Sebastian Stan at the Broadway ‘Picnic' Opening Night.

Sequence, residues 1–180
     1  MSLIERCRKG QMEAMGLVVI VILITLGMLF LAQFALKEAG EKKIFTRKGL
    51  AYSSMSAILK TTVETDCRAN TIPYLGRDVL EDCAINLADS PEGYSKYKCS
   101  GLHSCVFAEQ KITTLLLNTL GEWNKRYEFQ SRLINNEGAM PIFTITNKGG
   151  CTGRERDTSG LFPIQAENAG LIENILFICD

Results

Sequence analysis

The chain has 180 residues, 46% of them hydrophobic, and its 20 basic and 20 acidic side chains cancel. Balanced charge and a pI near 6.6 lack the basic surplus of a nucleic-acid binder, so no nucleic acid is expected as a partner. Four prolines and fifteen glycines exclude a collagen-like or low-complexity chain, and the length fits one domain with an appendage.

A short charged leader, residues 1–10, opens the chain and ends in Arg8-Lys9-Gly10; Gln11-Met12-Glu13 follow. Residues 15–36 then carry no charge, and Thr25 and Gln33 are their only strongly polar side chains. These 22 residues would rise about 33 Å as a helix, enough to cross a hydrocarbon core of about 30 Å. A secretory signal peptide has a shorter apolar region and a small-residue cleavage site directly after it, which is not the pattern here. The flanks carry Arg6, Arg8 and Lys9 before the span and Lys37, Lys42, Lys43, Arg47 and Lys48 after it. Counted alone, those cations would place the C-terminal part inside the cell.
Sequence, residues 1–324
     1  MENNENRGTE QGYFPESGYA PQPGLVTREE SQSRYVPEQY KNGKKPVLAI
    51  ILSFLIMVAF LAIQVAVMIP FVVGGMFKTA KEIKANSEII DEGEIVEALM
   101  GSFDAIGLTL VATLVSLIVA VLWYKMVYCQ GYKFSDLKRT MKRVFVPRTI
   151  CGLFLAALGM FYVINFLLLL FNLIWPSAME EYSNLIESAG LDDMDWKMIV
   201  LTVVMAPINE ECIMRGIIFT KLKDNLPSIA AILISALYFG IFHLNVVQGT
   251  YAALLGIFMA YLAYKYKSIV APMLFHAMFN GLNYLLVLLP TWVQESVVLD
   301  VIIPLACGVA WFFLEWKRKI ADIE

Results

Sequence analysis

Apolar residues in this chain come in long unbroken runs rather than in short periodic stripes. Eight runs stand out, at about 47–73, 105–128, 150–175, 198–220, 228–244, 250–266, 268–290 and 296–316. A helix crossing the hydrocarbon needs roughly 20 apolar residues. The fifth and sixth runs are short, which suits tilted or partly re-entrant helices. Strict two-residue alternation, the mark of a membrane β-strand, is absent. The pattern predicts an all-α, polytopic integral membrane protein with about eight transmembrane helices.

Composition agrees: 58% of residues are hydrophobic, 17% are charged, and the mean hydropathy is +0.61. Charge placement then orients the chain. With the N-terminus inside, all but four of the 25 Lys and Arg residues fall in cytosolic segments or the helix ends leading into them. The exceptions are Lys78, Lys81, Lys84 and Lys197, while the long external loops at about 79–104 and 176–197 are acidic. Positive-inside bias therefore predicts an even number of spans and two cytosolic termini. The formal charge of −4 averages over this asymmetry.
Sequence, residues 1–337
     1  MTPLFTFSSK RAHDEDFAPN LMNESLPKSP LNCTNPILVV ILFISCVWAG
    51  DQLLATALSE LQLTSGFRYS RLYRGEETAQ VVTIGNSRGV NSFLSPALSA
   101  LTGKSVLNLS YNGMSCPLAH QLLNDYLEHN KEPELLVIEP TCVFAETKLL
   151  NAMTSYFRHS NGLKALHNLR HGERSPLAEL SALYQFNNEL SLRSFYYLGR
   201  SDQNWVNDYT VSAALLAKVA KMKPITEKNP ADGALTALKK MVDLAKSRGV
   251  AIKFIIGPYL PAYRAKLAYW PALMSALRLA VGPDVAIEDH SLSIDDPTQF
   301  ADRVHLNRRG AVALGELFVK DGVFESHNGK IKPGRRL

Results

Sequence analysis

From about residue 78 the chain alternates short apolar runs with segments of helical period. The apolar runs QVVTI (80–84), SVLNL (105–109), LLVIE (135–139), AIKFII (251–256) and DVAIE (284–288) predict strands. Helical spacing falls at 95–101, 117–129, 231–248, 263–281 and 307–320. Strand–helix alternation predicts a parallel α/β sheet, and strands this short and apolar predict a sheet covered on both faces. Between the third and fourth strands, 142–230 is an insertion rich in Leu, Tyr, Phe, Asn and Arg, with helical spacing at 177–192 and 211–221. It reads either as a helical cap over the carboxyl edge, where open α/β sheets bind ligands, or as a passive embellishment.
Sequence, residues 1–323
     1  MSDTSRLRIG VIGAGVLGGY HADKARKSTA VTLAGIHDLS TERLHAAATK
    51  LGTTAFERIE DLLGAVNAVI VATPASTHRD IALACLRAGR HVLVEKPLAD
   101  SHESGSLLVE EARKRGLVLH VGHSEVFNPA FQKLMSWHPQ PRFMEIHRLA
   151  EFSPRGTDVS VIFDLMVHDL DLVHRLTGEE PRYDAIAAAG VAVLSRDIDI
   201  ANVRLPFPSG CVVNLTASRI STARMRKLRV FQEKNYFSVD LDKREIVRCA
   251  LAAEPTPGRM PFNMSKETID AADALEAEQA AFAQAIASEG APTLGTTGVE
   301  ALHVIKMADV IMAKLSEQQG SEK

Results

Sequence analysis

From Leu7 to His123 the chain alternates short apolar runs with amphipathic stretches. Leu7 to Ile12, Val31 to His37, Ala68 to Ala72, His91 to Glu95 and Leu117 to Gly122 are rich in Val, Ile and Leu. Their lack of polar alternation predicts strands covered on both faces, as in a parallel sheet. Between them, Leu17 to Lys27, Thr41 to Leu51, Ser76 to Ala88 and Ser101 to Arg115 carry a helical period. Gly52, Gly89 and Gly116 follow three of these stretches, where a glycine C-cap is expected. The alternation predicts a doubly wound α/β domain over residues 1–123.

I didn’t know anything about the comic books. Even when I auditioned, I didn’t. And I liked that, because I didn’t want to have particular ideas. I wanted to find the characters and connections naturally. And I did. Steve Rogers and Bucky are both orphans and kind of like brothers. They kind of grow up together and look after each other. It’s a very human, relatable thing. And growing up in the Army is a very specific thing. There’s a certain way these guys carry themselves, there’s a certain etiquette, a certain body posture, the way that they interact. So I went back and read the comics and watched a lot of documentaries on World War II. “Band of Brothers” was very helpful. I wanted to make sure I respected the themes in the comics that people related to about Bucky. But at the same time, in my head, we were shooting a movie that takes place in 1944 and it is about a bunch of guys going to war and how they’re going to look out for each other. Bucky always protects and looks out for Steve Rogers. I also wanted to look out for how their relationship changes once Steve Rogers becomes Captain America. There’s always a competition and they’re always one-upping each other. I paid attention to how Bucky is affected by Steve’s change and suddenly Steve is this leader.